wildwomanswimming

One woman's wild swimming adventures in the west country

Bank Holiday Dipping

The First Pool

The First Pool

Honey and I went to Dartmeet this afternoon, and only just squeezed TrannyVan into the packed car park. We wandered downstream, but I could have counted the people we met on my fingers and toes. Our first dip was in the big pool only a few hundred meters from the bridge and there was neither sight nor sound of anyone. The water was golden and glassy, with every rock and fish and granule of sand clearly visible through the rippled reflected sun. The water today is noticeably chillier than of late and I felt a slight but definite skin burn. We dried off on the bank in the light breeze and warmish sun before trundling down to a faster stretch for a race up against the current. Squadrons of dragonflies droned around the bank.

The Second, Friskier Pool

The Second, Friskier Pool

 

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6 thoughts on “Bank Holiday Dipping

  1. Still Pool at Staverton was very, very busy with swimmers on Saturday afternoon 😉 and a few again yesterday but I had a wonderful swim this afternoon and I thought the water was warmer today than Sat. though it is getting chillier slowly and inevitably. Grab every moment in a month it will be game over for the summer

    • We were there on Sunday, just posted the blog! You’re right about grabbing swims, it was almost autumnal today

      • I think you’ll find it was Saturday, about 3:30, I was the one sat on the bank talking with Sophie.

        You missed the gnome garden, it’ll still be there next time.

        The green pebbles are pale grey limestone covered with algae. Alternatively you’ll find bits of concrete covered in the same bright green algae. What both have in common is the lime part of the equation. Other pebbles are granite and sandstone and mudstone and etc including house bricks but they have a brown algae covering if anything at all. After that I have a number of theories but I’m still working on it.

  2. Thanks Chris, I wondered whether the type of stone was relevant. So that was you! Sophie said she was supposed to text you and forgot…
    Yes, Saturday it was, I never have much idea what day it is!
    Hope to meet you on a swim soon.

    • Yes that was me, not much I know, but it’s all I’ve got.

      As far as the stones go; is it the type of stone that makes the algae so green whereas when the same algae grows elsewhere it is deficient in some nutrient and therefore only brown? I don’t like that hypothesis, there are green’, ‘brown’ and ‘red’ algae depending on the pigments so I guess we’re looking at a different kind of algae. So, does that type of stone favour the green algae but discourage the brown? And if so, why? Green algae grow faster than brown so maybe the green is able to colonise the surface of the limestone pebbles, which must be dissolving in the acidic water, fast enough to get a ‘foothold’. Maybe the green are tolerant to the alkali composition of the limestone whereas the brown are not. Limestone is calcium carbonate but around here it grades into ‘dolomitic’ limestone which is rich in magnesium. Magnesium is to the green chlorophyll pigment what iron is to haemoglobin in our blood, so maybe as the limestone dissolves the green algae are able to pick up extra magnesium, make extra chlorophyll and so turn very bright green and are able to grow faster. I think the algae must be getting something specific from the limestone otherwise they would be growing on every pebble turning the whole place green. Whatever the explanation it is a very specific relationship.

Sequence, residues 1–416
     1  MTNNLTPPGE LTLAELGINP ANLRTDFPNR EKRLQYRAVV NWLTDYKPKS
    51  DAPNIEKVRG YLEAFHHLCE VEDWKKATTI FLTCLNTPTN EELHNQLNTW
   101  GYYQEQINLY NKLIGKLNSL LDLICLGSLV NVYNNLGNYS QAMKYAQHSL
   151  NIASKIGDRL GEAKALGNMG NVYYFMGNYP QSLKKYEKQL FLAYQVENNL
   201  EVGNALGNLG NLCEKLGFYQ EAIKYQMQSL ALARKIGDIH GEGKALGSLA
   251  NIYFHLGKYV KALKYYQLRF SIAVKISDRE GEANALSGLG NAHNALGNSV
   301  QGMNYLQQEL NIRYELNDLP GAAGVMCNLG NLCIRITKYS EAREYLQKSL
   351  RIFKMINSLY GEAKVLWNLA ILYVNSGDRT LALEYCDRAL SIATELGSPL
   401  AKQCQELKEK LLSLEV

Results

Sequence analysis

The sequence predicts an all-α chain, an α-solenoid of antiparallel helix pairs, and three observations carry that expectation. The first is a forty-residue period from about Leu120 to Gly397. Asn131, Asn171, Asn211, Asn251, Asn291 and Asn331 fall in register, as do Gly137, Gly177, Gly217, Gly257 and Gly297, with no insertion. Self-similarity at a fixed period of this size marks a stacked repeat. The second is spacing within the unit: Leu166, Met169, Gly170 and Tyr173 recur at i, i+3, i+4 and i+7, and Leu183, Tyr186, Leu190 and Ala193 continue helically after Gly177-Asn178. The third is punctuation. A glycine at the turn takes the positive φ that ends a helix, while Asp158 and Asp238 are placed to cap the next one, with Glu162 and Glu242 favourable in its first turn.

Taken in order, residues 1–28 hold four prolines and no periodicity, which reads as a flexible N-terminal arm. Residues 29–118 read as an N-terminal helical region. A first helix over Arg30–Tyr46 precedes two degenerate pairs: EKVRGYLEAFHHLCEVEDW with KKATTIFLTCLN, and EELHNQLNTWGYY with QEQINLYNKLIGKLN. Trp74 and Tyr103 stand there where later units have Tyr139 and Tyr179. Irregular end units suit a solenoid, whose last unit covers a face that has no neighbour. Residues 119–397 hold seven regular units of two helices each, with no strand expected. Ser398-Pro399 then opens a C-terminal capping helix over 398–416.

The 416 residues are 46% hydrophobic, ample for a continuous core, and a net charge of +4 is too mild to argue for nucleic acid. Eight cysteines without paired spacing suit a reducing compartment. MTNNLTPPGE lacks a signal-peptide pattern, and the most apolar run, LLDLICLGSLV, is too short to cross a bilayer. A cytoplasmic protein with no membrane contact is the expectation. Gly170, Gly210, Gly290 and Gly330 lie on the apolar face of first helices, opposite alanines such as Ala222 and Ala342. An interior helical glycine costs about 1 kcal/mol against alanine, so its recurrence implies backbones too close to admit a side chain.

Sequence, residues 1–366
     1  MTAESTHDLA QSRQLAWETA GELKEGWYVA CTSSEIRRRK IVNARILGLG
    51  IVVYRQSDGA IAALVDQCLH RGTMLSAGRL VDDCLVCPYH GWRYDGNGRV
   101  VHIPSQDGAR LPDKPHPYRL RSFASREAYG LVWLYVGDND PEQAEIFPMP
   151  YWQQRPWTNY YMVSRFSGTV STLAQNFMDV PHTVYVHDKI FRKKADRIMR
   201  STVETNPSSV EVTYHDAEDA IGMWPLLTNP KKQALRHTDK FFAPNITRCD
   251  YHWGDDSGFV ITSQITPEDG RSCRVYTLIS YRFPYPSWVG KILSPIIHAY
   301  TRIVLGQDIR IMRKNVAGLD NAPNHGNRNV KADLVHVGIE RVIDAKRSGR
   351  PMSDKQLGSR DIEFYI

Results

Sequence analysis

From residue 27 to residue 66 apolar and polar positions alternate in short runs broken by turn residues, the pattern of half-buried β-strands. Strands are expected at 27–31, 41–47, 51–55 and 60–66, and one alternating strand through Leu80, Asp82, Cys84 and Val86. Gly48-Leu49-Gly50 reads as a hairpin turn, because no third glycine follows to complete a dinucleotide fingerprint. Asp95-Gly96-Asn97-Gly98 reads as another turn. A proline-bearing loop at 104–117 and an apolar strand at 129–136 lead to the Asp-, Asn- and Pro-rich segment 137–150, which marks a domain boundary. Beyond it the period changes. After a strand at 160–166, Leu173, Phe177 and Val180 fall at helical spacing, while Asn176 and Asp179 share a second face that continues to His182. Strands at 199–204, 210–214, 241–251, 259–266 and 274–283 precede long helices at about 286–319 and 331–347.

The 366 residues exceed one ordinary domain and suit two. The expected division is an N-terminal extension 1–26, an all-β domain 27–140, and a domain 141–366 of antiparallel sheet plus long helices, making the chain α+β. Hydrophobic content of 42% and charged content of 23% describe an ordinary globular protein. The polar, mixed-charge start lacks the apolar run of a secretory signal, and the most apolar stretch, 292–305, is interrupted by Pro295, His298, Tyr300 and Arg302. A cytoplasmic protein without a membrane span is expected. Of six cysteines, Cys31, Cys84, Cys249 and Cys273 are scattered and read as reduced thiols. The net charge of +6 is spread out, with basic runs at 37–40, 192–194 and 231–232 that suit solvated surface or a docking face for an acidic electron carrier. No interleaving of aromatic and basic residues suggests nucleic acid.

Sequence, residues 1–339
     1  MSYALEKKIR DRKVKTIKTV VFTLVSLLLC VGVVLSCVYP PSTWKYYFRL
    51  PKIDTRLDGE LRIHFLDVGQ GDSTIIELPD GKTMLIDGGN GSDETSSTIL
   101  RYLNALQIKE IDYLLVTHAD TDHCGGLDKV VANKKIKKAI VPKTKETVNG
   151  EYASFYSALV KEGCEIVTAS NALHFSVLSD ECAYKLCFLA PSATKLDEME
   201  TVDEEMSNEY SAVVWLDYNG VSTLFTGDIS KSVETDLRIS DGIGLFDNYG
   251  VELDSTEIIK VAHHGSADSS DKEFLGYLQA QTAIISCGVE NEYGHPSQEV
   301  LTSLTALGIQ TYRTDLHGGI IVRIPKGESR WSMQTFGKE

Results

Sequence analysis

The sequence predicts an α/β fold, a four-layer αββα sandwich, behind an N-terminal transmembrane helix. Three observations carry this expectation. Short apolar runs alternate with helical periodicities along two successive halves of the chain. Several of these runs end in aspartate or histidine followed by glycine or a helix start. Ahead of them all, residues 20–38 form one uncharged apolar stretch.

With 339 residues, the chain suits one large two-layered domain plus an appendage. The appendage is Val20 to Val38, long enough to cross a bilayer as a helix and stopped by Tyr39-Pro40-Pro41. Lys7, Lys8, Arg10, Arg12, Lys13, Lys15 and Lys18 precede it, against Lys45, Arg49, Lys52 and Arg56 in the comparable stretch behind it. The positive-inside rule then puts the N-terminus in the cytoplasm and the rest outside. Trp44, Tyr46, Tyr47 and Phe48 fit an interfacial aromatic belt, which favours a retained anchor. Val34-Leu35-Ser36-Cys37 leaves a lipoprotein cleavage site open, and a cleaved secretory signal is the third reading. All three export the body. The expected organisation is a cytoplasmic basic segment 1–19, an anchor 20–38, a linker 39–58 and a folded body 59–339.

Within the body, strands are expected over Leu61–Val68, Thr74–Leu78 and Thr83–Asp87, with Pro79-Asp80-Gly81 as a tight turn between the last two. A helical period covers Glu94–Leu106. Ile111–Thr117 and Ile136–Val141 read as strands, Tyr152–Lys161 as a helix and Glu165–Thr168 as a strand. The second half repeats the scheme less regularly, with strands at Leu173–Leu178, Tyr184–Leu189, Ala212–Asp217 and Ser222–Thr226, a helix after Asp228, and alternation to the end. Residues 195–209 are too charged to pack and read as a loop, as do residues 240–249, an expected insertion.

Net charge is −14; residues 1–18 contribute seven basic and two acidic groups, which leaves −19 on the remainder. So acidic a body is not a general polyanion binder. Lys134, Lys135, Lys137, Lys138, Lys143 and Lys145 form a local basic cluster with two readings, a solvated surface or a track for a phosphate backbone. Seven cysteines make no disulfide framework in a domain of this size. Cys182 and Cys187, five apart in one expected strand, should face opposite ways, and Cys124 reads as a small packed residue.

3. Interesting, especially about the magnesium. As a gardener on Dartmoor, with a very acidic soil, I know that only certain plants will grow here. I guess algae must have a similar propensity, in this case the green likes the lime, and its colour is enhanced by the magnesium. Maybe the porosity of the limestone helps too?

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